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LGBTQ acronyms change often and can be confusing. To better understand what each letter means, check out GLAAD's Glossary of LGBTQ Terms.
The OUTsiders Guide contains frequently asked questions (FAQs), social media policies, uniform guidance, and information for planning Pride events.
Overview LGBTQ America: A Theme Study of Lesbian, Gay, Bisexual, Transgender, and Queer History was created in 2016 as a starting point for telling LGBTQ histories in the National Park Service. Part of the NPS Heritage Initiative for Telling All Americans’ Stories, it reveals the humanity of one group of U.S. citizens who were historically
The Pride Guide provides discussion questions and activities related to the NPS LGBTQ+ Theme Study, along with summaries of each chapter.
Employee-led groups advancing relevancy, diversity, and inclusion throughout the NPS. Find and join a group!
Pulse surveys are intentionally designed to provide quick, actionable insights into the health of a park or program, hence the name ‘pulse.’
On this page, you will find a series of articles featuring successful virtual Interpretation and Education programs that align with the Foundation of Interpretation, Competencies for 21st Century Interpretation.
Rangers at Golden Gate National Recreation Area worked with partners to create a climate change training with inclusion and diversity in mind.
Learn more about the virtual program Tadaima! and how it can be used as a case study for park units to connect people to their parks.
The camera follows Alex, a park visitor using a wheelchair as he explores Sequoia and Kings Canyon National Parks (SEKI). He shares the fact that public transit in his hometown isn’t accessible, so the ease, friendliness and safety of the Sequoia shuttle system is meaningful. Alex is a nature lover but after his spinal injury
The Pathways Program provides ways for current students and recent graduates to internships and jobs within the Federal government.
The Employees for the Advancement of People with Disabilities ERG serves to provide an environment that is inclusive of all people and abilities.
Struggling to process the events and actions of January 6th 2021? Find resources to help support you as you reflect, process, and evaluate the day's events.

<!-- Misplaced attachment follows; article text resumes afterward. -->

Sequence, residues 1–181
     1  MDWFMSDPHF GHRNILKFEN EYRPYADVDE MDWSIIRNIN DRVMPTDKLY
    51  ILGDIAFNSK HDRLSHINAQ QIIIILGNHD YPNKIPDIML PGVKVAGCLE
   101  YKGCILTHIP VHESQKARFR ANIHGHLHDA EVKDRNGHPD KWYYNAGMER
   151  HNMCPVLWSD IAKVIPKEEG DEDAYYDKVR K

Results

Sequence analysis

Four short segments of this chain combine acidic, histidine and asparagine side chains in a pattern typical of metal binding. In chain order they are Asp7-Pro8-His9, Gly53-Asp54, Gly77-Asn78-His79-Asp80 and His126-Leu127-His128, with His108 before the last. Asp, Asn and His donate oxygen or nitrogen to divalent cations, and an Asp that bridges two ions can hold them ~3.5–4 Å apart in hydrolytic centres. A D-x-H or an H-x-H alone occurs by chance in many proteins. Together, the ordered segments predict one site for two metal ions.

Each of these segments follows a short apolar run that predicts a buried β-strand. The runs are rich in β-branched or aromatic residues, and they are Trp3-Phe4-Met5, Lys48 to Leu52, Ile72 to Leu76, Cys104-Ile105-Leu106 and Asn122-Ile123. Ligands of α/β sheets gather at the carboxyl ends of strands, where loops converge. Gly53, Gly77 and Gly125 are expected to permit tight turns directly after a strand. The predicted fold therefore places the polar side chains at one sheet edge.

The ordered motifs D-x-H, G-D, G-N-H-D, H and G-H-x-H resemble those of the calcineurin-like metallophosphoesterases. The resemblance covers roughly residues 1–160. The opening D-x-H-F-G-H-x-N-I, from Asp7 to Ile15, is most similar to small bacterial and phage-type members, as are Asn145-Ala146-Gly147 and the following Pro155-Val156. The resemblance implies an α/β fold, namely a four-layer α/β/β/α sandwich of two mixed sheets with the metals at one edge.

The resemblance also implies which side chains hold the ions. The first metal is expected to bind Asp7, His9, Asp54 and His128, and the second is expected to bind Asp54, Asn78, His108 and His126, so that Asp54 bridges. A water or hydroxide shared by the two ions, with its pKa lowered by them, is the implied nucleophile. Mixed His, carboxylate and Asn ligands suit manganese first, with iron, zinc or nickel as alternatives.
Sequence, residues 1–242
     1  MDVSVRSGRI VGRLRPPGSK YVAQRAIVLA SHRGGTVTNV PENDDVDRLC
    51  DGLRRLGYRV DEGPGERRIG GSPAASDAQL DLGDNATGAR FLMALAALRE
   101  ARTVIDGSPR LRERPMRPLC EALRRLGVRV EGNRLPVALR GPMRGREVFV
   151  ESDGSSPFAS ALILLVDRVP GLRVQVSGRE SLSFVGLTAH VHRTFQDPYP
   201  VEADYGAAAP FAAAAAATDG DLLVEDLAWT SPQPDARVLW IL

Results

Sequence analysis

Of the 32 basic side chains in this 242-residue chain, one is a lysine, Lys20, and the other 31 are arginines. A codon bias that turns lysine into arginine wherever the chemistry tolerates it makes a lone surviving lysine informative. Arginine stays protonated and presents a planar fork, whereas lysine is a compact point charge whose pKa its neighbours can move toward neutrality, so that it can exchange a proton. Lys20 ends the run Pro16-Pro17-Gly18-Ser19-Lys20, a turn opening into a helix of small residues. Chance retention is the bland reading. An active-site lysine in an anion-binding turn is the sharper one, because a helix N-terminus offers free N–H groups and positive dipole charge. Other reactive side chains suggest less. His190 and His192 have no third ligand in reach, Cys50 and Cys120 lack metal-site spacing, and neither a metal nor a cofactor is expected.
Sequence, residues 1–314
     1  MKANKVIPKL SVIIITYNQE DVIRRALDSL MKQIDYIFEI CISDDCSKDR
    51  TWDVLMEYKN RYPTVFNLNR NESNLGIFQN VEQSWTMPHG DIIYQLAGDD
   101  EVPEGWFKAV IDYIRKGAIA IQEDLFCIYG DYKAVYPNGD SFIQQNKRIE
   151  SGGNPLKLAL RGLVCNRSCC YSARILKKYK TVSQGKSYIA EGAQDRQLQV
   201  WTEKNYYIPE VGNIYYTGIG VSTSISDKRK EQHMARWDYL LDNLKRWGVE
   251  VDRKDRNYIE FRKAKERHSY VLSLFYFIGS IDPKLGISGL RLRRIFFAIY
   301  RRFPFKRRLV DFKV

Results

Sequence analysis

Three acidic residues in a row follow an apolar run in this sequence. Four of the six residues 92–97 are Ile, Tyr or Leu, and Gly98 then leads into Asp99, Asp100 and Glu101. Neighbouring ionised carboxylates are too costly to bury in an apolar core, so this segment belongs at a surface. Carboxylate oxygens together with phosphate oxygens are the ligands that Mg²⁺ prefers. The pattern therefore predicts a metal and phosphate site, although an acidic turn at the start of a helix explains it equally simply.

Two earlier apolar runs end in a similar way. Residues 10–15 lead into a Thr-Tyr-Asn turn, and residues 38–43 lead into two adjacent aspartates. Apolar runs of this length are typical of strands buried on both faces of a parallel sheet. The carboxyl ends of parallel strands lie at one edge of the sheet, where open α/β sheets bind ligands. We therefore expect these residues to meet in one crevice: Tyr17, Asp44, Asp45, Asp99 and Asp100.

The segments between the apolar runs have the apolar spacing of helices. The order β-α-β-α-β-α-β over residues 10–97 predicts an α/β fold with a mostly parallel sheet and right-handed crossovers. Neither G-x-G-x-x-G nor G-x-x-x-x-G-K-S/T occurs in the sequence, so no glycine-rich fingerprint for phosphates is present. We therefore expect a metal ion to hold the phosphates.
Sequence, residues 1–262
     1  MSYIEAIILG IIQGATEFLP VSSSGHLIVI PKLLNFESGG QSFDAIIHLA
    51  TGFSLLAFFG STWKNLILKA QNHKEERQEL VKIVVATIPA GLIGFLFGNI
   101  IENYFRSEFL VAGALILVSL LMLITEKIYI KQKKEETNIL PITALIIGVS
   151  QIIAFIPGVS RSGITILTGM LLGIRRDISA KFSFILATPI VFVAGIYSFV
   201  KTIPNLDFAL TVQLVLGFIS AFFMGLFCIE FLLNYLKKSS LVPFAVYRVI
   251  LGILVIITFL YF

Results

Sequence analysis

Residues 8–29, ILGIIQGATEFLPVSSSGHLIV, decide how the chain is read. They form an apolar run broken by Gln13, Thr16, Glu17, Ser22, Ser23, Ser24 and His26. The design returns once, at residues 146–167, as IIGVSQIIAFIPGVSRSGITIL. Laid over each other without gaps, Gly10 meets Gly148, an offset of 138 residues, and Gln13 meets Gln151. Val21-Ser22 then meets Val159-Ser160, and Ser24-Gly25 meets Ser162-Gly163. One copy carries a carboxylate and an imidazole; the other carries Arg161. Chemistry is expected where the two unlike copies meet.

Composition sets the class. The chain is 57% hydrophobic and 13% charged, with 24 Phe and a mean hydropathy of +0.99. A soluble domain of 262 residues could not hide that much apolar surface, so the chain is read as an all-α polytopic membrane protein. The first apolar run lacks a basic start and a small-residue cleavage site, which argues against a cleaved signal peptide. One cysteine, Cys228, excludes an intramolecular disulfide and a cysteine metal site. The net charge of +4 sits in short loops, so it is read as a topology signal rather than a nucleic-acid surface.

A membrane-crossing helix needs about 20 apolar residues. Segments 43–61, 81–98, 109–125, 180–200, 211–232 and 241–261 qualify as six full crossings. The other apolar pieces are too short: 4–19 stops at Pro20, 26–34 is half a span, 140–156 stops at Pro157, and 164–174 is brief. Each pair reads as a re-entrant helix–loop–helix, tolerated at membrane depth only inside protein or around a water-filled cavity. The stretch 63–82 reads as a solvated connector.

Use this toolkit to help host structured conversations with your team members; the conversation prompts and facilitation resources can help you create an environment of respect, inclusion, and safety.
The following toolkit is intended to support parks/programs/teams in having the conversations necessary to make progress on difficult subjects such as racism, sexism, ableism, as well as other forms of oppression and privilege with staff. In our second century, The National Park Service must reckon with the ways our internal organization, systems, and cultures may
Simon Sinek, a management theorist, explores what makes a great leader in the context of trust. What are the benefits of creating a circle of safety?
Allies groups foster a more open, inclusive, and innovative NPS culture.
There are over 400 units in the National Park Service. Having strong network leadership is critical to carrying the mission of the NPS.
This video explores the team dynamics of today's multi-generational workforce and how to make teams work despite each generation's cultural differences.
How can we foster more creative thinking within the NPS? Quickly learn four simple ways to increase your own innovation and creativity in this video.
This collection of facilitated dialogue brown bag resources can help you create your own conversations that lead the way to a more inclusive, diverse NPS.
ILN is an employee resource group with a mission to enhance the working culture of the National Park Service and empower NPS employees at all levels.
Learning to be a collaborator is an important skill. It’s far easier to achieve your goals if you can easily call upon the expertise of partners.
Design Thinking can help the NPS create memorable experiences for park visitors that leave a lasting impression.
Innovative thinking is difficult and not everyone can readily think that way. Thinking out of the box can be scary but aren't our parks worth it?